Rating: 4/5 – Cyborg Finally Gets His Own Series Post New 52.
by ComicSpectrum senior reviewer Shawn Hoklas.
There are a few artists that I’ll follow anywhere they go, and Ivan Reis is one of them. So when Reis was announced as the artist on a brand new Cyborg series, although a bit surprised, I was excited to see such a great talent taking on a character that needs, and some could say deserve, more solo attention. Between Reis’ work on Green Lantern and Justice League, he made Aquaman one of the best looking books on the rack as he focused his attention and pencils on a singular character rather than the large ensemble casts he juggled with Justice League and Green Lantern. With Cyborg, he gets the chance to do so again and this first issue looks great.
Cyborg’s costume, although different from when it first appeared in 1980, hasn’t changed all that much. The refinements that Reis includes are welcome additions and makes the robotic exo-suit look sleek and lightweight. As the suit begins to evolve as we see a little bit happening within this first issue, Reis shows the internal components that include wiring, moving parts and more. You can almost see how all the parts work together. Reis doesn’t skimp on the details as his pages are packed with panels. Reis has the chance to put his own stamp on the character much like George Perez did years ago and I’m looking forward to seeing more.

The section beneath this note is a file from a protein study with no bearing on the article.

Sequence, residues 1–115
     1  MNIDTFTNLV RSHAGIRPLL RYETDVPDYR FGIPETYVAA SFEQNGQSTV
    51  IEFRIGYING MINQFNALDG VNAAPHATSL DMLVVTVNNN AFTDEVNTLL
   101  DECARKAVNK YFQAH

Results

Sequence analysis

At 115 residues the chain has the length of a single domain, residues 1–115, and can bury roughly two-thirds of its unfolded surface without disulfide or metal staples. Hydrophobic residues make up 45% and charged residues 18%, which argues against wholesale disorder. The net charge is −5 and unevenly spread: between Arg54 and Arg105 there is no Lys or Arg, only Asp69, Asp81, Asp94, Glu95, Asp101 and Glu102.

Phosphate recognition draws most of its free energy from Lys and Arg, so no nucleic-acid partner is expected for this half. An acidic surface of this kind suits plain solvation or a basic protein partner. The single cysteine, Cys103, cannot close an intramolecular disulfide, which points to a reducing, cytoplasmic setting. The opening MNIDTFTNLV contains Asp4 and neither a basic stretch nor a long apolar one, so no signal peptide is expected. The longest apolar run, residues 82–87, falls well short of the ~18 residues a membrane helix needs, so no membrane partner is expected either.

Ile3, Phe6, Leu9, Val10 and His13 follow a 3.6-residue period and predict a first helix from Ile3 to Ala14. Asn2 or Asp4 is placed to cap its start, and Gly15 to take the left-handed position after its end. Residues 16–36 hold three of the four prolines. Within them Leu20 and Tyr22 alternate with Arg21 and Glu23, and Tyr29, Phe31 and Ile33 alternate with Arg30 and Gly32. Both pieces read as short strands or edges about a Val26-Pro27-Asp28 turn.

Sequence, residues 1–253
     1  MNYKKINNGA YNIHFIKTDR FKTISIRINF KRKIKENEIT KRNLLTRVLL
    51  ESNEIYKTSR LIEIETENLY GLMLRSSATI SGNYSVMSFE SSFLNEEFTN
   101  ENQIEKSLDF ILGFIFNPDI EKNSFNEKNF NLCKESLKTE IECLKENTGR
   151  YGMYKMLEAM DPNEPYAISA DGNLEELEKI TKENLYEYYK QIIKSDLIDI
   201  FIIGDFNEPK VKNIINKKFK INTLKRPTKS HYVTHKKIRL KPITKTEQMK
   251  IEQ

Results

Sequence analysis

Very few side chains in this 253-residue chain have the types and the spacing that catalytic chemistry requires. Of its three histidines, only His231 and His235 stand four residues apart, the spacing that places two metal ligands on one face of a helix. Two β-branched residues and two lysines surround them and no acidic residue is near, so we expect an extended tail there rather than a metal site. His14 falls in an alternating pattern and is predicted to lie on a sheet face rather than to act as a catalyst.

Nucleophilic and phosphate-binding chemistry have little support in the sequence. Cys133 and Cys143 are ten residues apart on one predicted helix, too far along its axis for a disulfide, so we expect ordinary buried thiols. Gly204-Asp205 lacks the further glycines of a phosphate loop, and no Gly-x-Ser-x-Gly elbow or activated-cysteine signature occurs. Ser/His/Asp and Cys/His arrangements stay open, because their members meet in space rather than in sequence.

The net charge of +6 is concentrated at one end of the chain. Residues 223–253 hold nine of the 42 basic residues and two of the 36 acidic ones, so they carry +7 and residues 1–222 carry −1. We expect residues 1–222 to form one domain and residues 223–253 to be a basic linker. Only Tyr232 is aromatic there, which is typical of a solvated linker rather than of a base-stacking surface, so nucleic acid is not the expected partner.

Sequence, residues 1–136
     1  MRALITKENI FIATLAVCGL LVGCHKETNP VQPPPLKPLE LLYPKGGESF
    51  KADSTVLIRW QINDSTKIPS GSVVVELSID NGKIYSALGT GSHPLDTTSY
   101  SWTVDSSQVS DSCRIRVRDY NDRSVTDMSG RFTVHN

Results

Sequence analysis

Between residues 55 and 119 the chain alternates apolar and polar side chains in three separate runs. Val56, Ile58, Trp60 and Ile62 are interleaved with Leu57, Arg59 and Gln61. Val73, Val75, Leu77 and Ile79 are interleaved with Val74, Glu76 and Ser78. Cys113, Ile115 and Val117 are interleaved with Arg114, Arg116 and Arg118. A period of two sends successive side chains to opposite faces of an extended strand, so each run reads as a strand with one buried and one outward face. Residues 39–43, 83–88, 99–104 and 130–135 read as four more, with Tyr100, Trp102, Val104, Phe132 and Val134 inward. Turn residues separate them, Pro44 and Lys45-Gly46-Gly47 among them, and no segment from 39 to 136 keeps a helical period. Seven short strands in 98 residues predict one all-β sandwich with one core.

When it comes to the writing, David F. Walker gives us a solid first issue that does enough for new readers to get to know the character, while at the same time introducing us to a group of villains that look to be new and dangerous. One thing that will frustrate though is the lack of editorial boxes. Long gone from the pages of comics, I’ve haven’t missed them quite like this in a long while. In one particular scene, Cyborg recounts how he’s come close to dying three different times. Although I remember the first one, I didn’t know when or where the second two happened. A small footnote to let readers know where to find these stories would be beneficial since this is his first solo book, and despite him starring in Justice League which I read each month, I don’t remember these stories happening which made me think I may have missed important moments in this character’s brief post-Flashpoint life.
Despite some confusion regarding Cyborg’s most recent past, Walker does a nice job throughout this first issue of balancing the “man in the machine” theme as Vic Stone deals with his evolving powers, as well as his strained relationship with his father. Cyborg number one seems like a long time coming for a character that DC wants to be front and center within the DCU. So far it seems as though they’re on the right path by putting one of, if not their best artists on the book. Let’s hope that Cyborg gets a long and successful run as he has so much potential and promise.
Reviewed by: Shawn Hoklas
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